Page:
Feature Image: A man rides a bicycle up to a law enforcement checkpoint on Friday, May 29 after the city endured a night of protests and violence in Minneapolis, Minnesota. The National Guard has been activated as protests continue after the death of George Floyd which has caused widespread destruction and fires across Minneapolis and St. Paul. (Photo by Scott Olson/Getty Images)
Caroline Bauman, Chalkbeat Tennessee
How is your school community talking about George Floyd’s death? was originally published by Chalkbeat, a nonprofit news organization covering public education. Sign up for their newsletters here: ckbe.at/newsletters.
The death of George Floyd in Minneapolis has spurred protests against police brutality from Memphis to Denver to Los Angeles, and students and teachers nationwide are processing the week’s tragic events without the in-person community of school.
Since the death of Floyd — an unarmed black man who was held down by a white officer until he went motionless and died — four Minneapolis police officers have been fired and protests are happening across the country in response to the latest instance of police involvement in the death of an African American person. Floyd’s death follows a fatal police incident in Louisville, Kentucky, in which Breonna Taylor, a 26-year-old African American woman, was shot to death in her apartment by officers in March. In February, two armed white men shot and killed Ahmaud Arbery, a black man, while he was jogging in his Georgia neighborhood. Earlier this week, a white woman called the police on a black man who was bird watching in Central Park.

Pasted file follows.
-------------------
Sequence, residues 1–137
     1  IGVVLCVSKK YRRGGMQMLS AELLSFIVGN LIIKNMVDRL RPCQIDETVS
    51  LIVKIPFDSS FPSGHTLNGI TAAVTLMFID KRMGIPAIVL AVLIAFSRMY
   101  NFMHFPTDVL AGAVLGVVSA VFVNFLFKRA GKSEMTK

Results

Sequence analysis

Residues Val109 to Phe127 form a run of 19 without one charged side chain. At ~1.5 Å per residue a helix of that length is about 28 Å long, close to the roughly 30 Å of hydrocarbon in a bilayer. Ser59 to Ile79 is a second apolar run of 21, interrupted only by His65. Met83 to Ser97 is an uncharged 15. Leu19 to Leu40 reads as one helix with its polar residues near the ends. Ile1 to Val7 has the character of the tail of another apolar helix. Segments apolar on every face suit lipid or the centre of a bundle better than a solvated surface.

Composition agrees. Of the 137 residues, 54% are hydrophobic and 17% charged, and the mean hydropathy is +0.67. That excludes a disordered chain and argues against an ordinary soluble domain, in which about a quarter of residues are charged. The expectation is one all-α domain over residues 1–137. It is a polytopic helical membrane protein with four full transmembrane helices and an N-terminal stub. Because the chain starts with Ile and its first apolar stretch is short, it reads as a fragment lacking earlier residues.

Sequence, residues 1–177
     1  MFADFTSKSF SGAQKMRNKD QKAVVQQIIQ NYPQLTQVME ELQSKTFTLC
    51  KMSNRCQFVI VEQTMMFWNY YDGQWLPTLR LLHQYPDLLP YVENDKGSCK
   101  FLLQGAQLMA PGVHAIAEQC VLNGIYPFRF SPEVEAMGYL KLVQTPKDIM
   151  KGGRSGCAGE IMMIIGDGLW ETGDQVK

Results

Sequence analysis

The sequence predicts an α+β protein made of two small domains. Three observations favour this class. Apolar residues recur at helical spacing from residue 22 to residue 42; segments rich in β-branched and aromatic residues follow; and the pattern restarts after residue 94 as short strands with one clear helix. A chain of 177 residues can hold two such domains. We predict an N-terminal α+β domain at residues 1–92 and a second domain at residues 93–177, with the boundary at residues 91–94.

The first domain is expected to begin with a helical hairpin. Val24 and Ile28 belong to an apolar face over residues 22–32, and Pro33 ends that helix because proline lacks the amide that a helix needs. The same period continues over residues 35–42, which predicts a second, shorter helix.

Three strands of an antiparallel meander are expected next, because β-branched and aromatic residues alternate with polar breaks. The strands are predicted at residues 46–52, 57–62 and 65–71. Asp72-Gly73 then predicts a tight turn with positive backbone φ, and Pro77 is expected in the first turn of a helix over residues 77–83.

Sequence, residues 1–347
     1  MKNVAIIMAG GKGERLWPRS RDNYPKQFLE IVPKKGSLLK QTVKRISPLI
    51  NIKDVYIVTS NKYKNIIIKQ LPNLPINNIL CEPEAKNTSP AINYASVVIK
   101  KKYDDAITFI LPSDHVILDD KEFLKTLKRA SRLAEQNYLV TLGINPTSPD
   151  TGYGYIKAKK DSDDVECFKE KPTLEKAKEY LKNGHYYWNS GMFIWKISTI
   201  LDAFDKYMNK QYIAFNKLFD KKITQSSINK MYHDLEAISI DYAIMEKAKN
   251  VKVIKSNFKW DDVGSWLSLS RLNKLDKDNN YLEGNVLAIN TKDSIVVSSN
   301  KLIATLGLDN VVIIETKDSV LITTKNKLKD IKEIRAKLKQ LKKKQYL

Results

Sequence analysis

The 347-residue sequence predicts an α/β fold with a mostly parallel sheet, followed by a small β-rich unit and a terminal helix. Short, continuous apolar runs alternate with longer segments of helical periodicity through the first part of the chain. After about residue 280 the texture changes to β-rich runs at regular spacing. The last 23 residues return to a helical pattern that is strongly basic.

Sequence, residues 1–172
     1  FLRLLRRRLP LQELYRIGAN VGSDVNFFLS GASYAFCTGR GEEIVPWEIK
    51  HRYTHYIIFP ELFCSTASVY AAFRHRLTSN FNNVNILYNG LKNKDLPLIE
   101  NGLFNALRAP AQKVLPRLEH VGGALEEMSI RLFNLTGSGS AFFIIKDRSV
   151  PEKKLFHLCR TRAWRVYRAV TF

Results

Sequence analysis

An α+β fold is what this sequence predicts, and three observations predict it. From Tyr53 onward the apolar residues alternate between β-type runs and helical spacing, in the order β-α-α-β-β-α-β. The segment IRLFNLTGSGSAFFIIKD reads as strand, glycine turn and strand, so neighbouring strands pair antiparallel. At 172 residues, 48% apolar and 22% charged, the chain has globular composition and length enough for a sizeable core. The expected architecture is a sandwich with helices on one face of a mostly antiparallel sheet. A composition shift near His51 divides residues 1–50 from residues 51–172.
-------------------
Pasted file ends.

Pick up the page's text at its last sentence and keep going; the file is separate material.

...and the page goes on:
Due to mass school closures in response to the coronavirus, students and their communities are left without in-person tools to help process a tragic week. When such events occur while school is in session, grief counselors are often brought in to work with students, and educators weave in activities to help students process their trauma.
Community trauma can have an effect on student learning. Researchers found that students near Ferguson, Missouri, experienced declines in achievement and attendance in the period after an unarmed teenager named Michael Brown was killed by police there in 2014. That shooting spurred protests against police brutality, first locally and then across the country.
While school communities cannot gather in traditional ways right now, we know educators and students are finding creative ways to process and grow together. And Chalkbeat wants to hear from you in the survey below. We may use select responses in follow-up stories.
Tell Chalkbeat: How is your school community talking about George Floyd’s death?
Chalkbeat is a nonprofit news site covering educational change in public schools.